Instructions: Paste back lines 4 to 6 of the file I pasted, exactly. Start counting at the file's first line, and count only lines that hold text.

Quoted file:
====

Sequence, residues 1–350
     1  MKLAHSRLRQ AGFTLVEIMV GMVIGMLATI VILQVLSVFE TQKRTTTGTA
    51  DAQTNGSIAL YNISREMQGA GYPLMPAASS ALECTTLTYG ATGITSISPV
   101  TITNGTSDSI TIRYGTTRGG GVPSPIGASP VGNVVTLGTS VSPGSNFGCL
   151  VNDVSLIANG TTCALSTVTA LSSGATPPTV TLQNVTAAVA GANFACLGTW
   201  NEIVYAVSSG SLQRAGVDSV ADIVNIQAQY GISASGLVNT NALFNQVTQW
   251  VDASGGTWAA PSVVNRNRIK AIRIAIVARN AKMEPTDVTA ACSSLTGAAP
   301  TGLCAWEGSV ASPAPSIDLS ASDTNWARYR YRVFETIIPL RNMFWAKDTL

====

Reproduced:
   101  TITNGTSDSI TIRYGTTRGG GVPSPIGASP VGNVVTLGTS VSPGSNFGCL
   151  VNDVSLIANG TTCALSTVTA LSSGATPPTV TLQNVTAAVA GANFACLGTW
   201  NEIVYAVSSG SLQRAGVDSV ADIVNIQAQY GISASGLVNT NALFNQVTQW